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Tuesday, October 20, 2015

Enthusiasm for mathematics soars at intradistrict tournament

Photo: Brian Zahn
"Roll a pair of dice and there are 36 possible combinations for the eventual outcome." according to Brian Zahn, Education beat reporter at The New Haven Register.

If permutation math is too difficult to grasp, it might come as some small solace that the city’s 10-year-olds have it mastered.

“We know math,” said Ameir Durham, a fifth-grader at King/Robinson Interdistrict Magnet School. “When it’s up on the board it’s so easy.”

The University of New Haven

Ameir, as well as his four teammates from King/Robinson, combined their problem-solving abilities in a newly established math tournament hosted by the University of New Haven Monday morning in West Haven. A total of 110 participants in the fourth through sixth grades from 13 New Haven public schools worked both individually and in teams to stimulate enthusiasm for math near the future home of the Engineering and Science University Magnet School.

Yevgeniya Rivers, UNH’s partner with ESUMS and director of the university’s Math Zone, said the goal of the tournament was to draw students from all math backgrounds at an approximate 50-50 gender split to foster mathematical creativity and challenge the students to use tenacity and mental flexibility. The problems used, which predominantly were concepts using introductory algebra, were meant to be challenging for the students, but those canny enough to place inside the top five individual performers or in the top three school teams, would win prizes. For those schools that emerged victorious, the entire math class would win a pizza party. For the individual winners, students received a trophy and a book.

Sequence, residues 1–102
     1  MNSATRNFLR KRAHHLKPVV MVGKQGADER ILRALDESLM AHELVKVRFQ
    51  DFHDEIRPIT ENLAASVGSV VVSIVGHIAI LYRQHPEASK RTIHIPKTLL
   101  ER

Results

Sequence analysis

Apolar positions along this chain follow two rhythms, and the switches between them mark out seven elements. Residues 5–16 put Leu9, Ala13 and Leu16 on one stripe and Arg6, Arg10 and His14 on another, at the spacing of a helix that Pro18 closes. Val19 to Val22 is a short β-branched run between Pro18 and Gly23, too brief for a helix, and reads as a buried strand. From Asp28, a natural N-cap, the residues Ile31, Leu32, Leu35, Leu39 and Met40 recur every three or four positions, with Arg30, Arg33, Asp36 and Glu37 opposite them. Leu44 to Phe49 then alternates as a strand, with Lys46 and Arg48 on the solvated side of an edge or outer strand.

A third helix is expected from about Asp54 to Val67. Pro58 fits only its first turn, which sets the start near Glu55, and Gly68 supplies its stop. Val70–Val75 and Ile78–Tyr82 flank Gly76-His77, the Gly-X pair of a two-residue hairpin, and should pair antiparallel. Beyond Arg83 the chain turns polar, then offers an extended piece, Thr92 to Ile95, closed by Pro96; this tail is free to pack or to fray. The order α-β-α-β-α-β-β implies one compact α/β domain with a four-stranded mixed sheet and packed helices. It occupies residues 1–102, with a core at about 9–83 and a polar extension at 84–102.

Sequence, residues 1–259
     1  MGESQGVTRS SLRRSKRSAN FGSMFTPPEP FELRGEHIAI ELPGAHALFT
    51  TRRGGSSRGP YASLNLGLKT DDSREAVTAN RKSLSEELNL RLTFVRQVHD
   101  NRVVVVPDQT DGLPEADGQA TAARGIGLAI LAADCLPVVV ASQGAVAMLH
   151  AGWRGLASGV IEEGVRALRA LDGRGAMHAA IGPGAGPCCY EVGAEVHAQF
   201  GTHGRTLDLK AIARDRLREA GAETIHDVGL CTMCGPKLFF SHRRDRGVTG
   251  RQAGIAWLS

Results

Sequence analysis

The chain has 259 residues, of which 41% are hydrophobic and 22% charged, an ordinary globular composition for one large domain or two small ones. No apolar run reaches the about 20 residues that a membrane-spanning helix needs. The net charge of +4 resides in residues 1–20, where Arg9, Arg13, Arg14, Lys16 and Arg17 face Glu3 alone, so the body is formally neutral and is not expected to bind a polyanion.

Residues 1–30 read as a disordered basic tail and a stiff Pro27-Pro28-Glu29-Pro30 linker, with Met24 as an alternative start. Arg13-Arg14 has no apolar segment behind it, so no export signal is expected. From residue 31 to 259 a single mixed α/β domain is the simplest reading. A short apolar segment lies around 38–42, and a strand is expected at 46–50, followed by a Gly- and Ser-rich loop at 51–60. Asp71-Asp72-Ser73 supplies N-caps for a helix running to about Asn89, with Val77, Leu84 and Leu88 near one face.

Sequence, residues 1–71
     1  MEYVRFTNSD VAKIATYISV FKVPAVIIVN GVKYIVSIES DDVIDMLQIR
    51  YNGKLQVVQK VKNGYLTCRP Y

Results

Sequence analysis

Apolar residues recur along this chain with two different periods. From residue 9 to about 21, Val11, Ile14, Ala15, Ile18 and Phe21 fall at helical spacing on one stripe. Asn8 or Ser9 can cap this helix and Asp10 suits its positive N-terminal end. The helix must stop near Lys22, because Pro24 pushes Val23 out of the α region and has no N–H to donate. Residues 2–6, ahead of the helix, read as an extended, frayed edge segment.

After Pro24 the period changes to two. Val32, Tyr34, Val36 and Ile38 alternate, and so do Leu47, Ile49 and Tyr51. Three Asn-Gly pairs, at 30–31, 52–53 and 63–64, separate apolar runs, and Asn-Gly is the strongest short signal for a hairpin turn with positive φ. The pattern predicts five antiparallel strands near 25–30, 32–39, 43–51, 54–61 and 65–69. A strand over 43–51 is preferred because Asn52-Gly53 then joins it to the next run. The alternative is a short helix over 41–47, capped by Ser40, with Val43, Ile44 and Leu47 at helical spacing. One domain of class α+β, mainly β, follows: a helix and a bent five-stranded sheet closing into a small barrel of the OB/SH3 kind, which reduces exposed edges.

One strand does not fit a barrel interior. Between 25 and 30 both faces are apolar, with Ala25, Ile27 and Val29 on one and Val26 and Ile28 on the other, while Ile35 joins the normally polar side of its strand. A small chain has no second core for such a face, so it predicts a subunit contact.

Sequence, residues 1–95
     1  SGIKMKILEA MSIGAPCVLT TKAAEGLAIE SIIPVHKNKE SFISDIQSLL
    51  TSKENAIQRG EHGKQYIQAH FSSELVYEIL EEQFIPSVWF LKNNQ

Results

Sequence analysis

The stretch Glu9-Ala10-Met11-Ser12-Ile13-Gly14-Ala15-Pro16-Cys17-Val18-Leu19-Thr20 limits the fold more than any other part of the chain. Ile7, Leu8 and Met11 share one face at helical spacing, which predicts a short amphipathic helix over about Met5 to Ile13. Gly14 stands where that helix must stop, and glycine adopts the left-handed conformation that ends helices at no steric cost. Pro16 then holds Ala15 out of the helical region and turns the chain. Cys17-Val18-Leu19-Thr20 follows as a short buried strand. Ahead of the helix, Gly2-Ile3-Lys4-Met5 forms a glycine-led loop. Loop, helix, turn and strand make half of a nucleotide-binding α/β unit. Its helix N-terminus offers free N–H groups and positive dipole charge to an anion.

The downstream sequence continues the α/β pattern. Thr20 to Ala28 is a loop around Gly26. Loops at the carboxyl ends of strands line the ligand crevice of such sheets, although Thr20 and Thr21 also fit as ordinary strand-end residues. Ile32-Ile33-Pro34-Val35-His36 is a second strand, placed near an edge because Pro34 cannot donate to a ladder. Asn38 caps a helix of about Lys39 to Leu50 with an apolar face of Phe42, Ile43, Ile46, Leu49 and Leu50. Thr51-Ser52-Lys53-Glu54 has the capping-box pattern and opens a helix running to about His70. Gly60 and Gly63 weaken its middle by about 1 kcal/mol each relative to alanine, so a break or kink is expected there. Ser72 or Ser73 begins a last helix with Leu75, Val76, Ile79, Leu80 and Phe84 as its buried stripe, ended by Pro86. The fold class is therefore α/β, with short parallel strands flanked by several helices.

Amani Abuhatab and Ciara Mabry, King/Robinson students and teammates of Ameir, both said math is a pleasant subject for them because their teachers make it so accessible...

Lourdes Alvarez, dean of the College of Arts and Sciences at UNH, said she was excited to host an event to promote mathematics education for young people, but she also appreciated the potential to connect students with university faculty.

“Hopefully they get positive messages with all the female faculty here,” she said.

Rivers, who also works as a co-director for a weeklong girls-only summer math day camp at the university for high school students, said she wanted an equal gender balance to promote math to all students, but also to provide representation for girls.

Source: New Haven Register

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